• Distance vision 6/120
  • Distance vision 6/18
  • Distance vision 6/24
  • Distance vision 6/30
  • Distance vision 6/60
  • Distance vision 6/9
  • Drug related visual impairment
  • Ectodermal dysplasia with blindness syndrome
  • Functional visual loss
  • Heide syndrome
  • Impairment level of vision
  • Impairment level: better eye: profound impairment: lesser eye: near-total impairment
  • Impairment level: better eye: severe impairment: lesser eye: near-total impairment
  • Impairment level: low vision of both eyes
  • Impairment level: moderate impairment of both eyes
  • Impairment level: one eye: near-total impairment: other eye: near-normal vision
  • Impairment level: one eye: profound impairment: other eye: not specified
  • Impairment level: one eye: severe impairment: other eye: near-normal vision
  • Impairment level: severe impairment of both eyes
  • Impairment level: total impairment of both eyes
  • J10
  • J11
  • J12
  • J13
  • J14
  • J3
  • J4
  • J5
  • J6
  • J7
  • J8
  • J9
  • Jaeger type 15
  • Left eye visual acuity -corrected
  • Lesser eye: near total visual impairment, Better eye: near normal vision
  • Lesser eye: profound visual impairment, Better eye: near normal vision
  • Lesser eye: total visual impairment, Better eye: near normal vision
  • Low vision associated with AIDS
  • Low vision, both eyes
  • Medication non-compliance due to visual impairment
  • Mild visual impairment
  • Moderate visual impairment
  • Multiple disability visual impairment
  • N10
  • N12
  • N14
  • N18
  • N24
  • N36
  • N48
  • N8
  • O/E - R-eye completely blind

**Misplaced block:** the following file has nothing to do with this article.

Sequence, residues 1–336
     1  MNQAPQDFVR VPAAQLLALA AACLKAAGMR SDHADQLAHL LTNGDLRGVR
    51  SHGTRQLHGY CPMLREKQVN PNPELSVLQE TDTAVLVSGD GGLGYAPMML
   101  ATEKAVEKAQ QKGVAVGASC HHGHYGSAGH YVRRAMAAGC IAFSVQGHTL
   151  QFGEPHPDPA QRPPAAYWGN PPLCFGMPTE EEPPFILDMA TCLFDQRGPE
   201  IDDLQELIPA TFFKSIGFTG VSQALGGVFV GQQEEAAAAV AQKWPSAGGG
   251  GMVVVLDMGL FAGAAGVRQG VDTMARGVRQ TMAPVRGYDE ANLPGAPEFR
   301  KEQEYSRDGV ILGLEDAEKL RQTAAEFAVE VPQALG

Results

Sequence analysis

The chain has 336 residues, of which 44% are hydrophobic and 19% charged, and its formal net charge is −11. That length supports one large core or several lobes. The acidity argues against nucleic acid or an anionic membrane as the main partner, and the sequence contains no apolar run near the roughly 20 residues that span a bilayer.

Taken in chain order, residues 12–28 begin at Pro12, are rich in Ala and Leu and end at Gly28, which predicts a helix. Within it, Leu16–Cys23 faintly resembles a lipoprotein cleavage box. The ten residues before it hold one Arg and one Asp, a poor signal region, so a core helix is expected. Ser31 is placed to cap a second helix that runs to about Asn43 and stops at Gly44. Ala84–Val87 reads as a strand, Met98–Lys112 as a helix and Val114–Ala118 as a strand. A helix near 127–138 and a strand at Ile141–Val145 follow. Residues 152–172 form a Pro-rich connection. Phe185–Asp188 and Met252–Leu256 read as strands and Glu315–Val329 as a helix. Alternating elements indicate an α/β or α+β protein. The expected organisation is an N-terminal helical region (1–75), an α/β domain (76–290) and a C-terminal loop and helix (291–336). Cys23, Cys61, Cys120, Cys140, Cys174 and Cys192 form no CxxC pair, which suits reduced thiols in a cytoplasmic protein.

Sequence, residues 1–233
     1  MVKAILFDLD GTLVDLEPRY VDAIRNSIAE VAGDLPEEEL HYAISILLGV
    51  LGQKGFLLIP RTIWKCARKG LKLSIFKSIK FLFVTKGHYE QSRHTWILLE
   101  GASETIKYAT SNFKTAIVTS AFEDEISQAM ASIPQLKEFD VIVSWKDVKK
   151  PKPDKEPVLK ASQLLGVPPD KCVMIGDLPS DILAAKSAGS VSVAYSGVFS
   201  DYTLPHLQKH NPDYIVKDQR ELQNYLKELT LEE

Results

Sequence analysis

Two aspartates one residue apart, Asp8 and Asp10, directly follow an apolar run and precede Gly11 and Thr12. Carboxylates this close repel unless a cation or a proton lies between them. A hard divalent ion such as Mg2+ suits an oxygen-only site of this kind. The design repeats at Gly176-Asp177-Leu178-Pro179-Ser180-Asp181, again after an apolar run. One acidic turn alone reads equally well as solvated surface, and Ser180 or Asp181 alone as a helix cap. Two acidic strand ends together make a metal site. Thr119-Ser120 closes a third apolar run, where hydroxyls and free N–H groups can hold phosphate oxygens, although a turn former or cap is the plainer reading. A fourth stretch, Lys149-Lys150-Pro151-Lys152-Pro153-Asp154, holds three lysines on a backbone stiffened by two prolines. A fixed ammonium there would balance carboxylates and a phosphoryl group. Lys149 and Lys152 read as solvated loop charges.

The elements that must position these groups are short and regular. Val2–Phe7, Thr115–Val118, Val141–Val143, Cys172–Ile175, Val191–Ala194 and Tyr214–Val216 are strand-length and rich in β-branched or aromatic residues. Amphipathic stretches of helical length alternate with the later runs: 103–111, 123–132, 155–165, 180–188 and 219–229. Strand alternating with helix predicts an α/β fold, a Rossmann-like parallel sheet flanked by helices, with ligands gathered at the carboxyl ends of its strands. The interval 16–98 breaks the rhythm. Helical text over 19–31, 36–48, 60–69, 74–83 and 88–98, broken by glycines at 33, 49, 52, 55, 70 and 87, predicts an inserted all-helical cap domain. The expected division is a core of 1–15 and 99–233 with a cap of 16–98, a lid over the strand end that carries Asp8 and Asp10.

• O/E -R-eye counts fingers only
  • Olivopontocerebellar atrophy with blindness
  • Olivopontocerebellar degeneration
  • Partial sight - both eyes
  • Perceives light only
  • Perception of light - accurate projection
  • Perception of light - inaccurate projection
  • Profound impairment, one eye
  • Profound impairment, one eye
  • Profound impairment, one eye
  • Reduced visual acuity
  • Registered blind
  • Registered partially sighted
  • Right eye visual acuity -corrected
  • Secondary cataract of bilateral eyes with vision obscured
  • Severe visual impairment
  • Sight deteriorating
  • Spontaneous eye movements associated with visual loss
  • Strawberry nevus of skin
  • Traumatic blindness
  • Unexplained visual loss
  • Visual acuity, no light perception
  • Visual impairment
  • Visual impairment
  • Visual impairment co-occurrent with human immunodeficiency virus infection
  • Visual loss after cataract extraction

Index of Diseases and Injuries
References found for the code H54.7 in the Index of Diseases and Injuries:

  • Inclusion Terms:
    • Visual impairment category 9 NOS

Information for Patients

Vision Impairment and Blindness

Also called: Low vision

If you have low vision, eyeglasses, contact lenses, medicine, or surgery may not help. Activities like reading, shopping, cooking, writing, and watching TV may be hard to do. The leading causes of low vision and blindness in the United States are age-related eye diseases: macular degeneration, cataract and glaucoma. Other eye disorders, eye injuries, and birth defects can also cause vision loss.